BEIRUT (AP) — A car bomb detonated by the Islamic State group lightly wounded several journalists in the northern Syrian city of Raqqa on Wednesday and totally charred one of their vehicles, activists and media officials said.
Local and international journalists have been going to Raqqa to cover the U.S.-backed Syrian Democratic Forces offensive to capture the city that began on June 6. The Kurdish-led group now controls half of the city.
The extremists have been using suicide car bomb attacks on the Kurdish-led force in an attempt to slow down the force's ongoing offensive under the cover of airstrikes by the U.S.-led coalition.
The Britain-based Syrian Observatory for Human Rights and Kurdish official Nawaf Khalil said the blast occurred in the eastern neighborhood of Mishleb outside a house used as a press center. The neighborhood was captured by the SDF weeks earlier.
Journalist Yazir Othman of the Arab 24 network said several journalists including some with his network suffered bruises because of the blast.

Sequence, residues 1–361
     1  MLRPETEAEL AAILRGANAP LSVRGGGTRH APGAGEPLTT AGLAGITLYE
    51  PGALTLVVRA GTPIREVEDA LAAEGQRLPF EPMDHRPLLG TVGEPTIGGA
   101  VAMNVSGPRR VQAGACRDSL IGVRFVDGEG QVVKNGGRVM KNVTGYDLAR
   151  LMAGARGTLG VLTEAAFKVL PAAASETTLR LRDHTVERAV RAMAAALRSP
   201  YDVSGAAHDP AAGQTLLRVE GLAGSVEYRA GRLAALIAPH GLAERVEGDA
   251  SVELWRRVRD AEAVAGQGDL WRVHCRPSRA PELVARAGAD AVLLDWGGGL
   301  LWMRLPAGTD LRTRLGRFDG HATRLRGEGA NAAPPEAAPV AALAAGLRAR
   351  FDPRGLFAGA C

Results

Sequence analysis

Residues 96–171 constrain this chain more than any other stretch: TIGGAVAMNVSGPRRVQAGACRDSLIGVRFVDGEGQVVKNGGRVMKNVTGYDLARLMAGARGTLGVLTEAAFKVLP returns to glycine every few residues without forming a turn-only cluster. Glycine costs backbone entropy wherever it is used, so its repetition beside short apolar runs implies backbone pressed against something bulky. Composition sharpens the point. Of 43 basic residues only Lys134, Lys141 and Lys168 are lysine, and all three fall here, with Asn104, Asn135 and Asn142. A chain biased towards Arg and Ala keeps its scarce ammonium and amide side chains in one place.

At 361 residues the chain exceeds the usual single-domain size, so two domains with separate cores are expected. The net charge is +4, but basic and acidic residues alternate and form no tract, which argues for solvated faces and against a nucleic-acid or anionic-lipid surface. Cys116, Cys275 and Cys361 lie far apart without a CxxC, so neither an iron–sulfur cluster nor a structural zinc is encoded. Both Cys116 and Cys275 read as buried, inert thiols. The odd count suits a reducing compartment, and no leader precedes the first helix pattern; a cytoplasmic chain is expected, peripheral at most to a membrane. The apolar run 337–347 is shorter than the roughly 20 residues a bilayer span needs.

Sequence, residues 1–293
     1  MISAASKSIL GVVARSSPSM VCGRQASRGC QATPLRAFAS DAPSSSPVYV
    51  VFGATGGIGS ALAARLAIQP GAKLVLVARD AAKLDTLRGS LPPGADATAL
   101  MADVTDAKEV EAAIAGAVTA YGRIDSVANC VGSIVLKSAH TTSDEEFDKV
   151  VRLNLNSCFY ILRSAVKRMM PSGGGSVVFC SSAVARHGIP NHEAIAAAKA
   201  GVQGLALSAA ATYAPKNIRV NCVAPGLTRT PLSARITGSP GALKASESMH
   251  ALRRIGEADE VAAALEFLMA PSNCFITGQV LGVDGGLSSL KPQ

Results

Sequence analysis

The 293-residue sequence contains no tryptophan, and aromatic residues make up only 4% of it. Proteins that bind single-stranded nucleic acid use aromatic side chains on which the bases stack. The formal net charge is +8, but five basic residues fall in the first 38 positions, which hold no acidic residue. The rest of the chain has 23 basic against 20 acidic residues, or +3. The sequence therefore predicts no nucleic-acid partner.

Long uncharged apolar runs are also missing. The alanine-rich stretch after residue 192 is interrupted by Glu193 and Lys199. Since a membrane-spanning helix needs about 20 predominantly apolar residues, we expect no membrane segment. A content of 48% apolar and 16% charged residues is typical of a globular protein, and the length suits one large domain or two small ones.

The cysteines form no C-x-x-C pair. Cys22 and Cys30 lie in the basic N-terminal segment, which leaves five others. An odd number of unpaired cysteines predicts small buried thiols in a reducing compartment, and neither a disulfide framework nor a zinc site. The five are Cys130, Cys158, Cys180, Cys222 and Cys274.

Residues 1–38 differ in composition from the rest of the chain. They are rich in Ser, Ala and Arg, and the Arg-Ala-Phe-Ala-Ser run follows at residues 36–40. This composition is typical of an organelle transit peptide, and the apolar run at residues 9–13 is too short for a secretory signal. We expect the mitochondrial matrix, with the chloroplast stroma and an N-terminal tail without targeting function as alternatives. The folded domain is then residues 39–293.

"We were in a safe neighborhood and a car came from underground, we don't know where it came from," Othman told The Associated Press in a voice message.
Khalil, the Kurdish official, said also among those lightly injured were staffers with the Kurdistan 24, or K24, TV station.
It was not immediately clear if IS hit the building with the aim of targeting journalists. The extremist group has brutally killed journalists and media activists in their custody in the past.
In 2015, the group beheaded Japanese journalist Kenji Goto. A year earlier they killed American journalist James Foley and American-Israeli journalist Steven Sotloff.
The group released a video last year showing the killing of five Syrian media activists, including one whose video camera they rigged with explosives and detonated while it was tied around his neck. Another was electrocuted, the third had his laptop detonated close to him, and two others were beheaded.